Description:

A Van de Graff is used to separate charges to heavily charge a sphere to create sparks.

 


Watch Video:

 

 
 
 

Possible Incorporated Topics:

  • Static charge
  • Lightning

 


 

Theory:

The scene is a preschool room: You're playing with the colored blocks and (unbeknownst to you) your buddy is walking up behind you, dragging his sneakers along the carpet. He reaches out and touches your skin, delivering a painful shock. Every since that traumatic day, you've known that friction between two surfaces can cause electric charge to transfer from one to the other.

A similar thing occurs inside a Van de Graaff (VDG) generator. A motor turns a rubber belt, dragging it across a piece of metal. The friction pulls charge onto the belt, which then deposits the charge onto the metal dome. After awhile, the dome accumulates a large amount of positive charge on its surface.

If a grounded conducting rod is brought near the dome, the charge on the bell induces a charge in the rod. The charge on the dome and the charge on the rod are attracted to one another. This attraction causes negatively charged electrons on the rod to move from the rod, through the air, to the dome. As electricity moves through the air, it exites air molecules, causing them to give off light. This is seen as a spark travelling between the rod and the dome.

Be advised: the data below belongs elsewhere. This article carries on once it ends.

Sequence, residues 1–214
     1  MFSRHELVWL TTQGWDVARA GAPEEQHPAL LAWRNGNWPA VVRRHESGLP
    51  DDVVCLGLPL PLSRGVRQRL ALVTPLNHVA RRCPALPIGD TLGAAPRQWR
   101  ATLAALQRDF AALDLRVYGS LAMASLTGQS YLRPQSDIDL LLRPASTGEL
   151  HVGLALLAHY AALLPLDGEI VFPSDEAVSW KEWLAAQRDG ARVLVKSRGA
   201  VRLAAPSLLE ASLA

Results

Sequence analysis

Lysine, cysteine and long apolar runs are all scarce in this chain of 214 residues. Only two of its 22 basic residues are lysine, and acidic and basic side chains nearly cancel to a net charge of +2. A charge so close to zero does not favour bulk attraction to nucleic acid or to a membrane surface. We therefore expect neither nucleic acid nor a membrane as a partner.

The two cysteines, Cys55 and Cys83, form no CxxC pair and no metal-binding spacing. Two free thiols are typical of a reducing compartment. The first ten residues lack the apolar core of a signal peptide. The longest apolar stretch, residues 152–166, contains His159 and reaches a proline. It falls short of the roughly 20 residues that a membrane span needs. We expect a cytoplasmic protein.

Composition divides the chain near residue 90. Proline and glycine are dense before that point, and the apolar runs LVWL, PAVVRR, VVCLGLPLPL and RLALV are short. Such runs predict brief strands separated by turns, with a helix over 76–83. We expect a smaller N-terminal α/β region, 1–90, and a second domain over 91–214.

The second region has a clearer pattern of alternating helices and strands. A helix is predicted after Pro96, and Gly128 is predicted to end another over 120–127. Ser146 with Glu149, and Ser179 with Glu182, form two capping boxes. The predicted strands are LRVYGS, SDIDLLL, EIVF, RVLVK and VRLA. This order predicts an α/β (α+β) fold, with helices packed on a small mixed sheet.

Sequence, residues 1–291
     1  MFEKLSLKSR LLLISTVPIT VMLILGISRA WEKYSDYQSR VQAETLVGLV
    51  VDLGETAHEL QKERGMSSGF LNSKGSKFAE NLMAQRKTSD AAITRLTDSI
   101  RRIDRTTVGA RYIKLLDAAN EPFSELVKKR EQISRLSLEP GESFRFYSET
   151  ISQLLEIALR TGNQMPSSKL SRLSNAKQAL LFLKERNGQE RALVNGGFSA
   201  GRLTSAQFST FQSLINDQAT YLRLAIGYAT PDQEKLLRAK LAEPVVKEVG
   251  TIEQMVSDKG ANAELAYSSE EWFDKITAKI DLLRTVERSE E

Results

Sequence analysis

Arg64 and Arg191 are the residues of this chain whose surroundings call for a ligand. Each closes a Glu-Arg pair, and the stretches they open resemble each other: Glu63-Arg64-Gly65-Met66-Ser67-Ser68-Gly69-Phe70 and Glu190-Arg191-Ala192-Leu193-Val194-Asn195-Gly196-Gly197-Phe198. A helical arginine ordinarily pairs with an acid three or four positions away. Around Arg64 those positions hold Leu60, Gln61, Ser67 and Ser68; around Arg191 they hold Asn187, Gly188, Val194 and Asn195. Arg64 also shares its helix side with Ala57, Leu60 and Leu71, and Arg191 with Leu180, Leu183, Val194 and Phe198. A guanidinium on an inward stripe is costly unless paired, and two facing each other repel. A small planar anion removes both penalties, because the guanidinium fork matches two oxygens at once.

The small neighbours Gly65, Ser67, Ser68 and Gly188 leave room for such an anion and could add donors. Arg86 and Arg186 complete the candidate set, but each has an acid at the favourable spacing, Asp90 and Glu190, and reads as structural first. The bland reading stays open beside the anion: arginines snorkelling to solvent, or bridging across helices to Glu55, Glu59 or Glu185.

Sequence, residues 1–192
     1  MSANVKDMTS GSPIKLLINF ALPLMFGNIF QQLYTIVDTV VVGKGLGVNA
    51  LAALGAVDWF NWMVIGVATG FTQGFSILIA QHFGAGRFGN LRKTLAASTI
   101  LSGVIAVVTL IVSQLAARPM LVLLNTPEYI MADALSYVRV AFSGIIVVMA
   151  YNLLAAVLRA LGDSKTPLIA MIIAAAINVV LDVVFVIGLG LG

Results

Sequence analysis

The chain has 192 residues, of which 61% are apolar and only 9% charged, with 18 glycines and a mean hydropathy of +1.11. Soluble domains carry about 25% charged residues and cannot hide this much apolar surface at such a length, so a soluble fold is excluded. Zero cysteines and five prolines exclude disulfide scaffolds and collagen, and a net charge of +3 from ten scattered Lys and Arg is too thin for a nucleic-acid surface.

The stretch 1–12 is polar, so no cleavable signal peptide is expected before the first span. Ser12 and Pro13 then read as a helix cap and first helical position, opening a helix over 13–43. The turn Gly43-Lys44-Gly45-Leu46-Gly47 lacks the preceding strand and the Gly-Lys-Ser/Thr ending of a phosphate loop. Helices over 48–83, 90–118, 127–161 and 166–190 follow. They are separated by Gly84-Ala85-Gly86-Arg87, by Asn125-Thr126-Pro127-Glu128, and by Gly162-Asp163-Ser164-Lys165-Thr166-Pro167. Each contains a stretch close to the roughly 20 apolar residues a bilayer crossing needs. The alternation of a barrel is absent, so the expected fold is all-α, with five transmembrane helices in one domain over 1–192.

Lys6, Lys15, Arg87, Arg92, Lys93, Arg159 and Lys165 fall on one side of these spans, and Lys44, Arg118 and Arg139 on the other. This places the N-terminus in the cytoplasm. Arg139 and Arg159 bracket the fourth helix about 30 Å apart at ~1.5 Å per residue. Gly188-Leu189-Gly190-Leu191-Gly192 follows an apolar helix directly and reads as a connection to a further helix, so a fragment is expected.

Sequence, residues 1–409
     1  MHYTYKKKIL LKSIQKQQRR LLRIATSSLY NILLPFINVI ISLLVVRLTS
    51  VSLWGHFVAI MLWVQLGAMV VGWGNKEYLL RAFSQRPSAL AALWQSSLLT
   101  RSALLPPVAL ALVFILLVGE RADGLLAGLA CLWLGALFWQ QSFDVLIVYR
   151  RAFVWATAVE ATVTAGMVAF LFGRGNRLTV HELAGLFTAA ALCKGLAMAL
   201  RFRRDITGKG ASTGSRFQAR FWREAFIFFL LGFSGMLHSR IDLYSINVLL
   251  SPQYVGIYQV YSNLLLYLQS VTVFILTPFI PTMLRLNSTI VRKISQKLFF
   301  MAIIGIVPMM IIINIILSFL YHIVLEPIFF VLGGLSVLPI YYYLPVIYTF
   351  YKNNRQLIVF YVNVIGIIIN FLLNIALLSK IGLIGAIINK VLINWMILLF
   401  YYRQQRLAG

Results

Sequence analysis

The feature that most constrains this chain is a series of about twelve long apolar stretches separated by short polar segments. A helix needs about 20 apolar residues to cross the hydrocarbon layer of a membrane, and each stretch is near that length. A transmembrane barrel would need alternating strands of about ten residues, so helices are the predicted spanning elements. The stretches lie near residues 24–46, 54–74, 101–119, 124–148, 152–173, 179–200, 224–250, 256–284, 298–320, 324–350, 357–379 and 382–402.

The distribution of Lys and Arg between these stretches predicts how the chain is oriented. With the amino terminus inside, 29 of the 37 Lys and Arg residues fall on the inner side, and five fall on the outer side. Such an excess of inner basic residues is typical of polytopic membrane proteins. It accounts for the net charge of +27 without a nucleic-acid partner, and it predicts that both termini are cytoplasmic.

Van De Graaf Sparks
Figure 1: Spark caused by the generator

 

Where does the cracking sound of the spark come from? You may remember that air expands when it's heated. The spark in the air makes theair become very hot very fast. The rapidly expanding air creates a shock wave, which is the sound you hear. This same effect occurs during a storm when lighting strikes, heating the air rapidly and producing the thunder that you hear.

 

 


Apparatus:
  • Van de Graaf generator
  • Grounding rod


Procedure:

  • Set up the apparatus as shown in the picture to the right.
  • Turn on the Van de Graff with the grounding rod and step back.
  • Bring the rod close to the dome of the Van de Graff. Holding it off to one side give the best results.
  • Slowly move the rod around to see the little lightening bolts.
  • Once you have finished with the demonstration, turn off the Van de Graff with the grounding rod, and touch the rod to the machine afterwards in order to extract any charge remaining there.
Tips:

In the videos below, some big sparks were created by putting the plastic tube and dome from a smaller Van de Graaf on top of the larger one. It is also interesting to put an electroscope inside the tube.

Van de Graaf Generator


Figure 2: Van de Graaff Generator

 

 

 


SAFETY WARNINGS:

  • A Van de Graff can produce a whole whack of charge! Only touch the Van de Graff with the grounding rod.
  • The demo works best on days when the air is dry, and if there is insulation between the machine and the ground.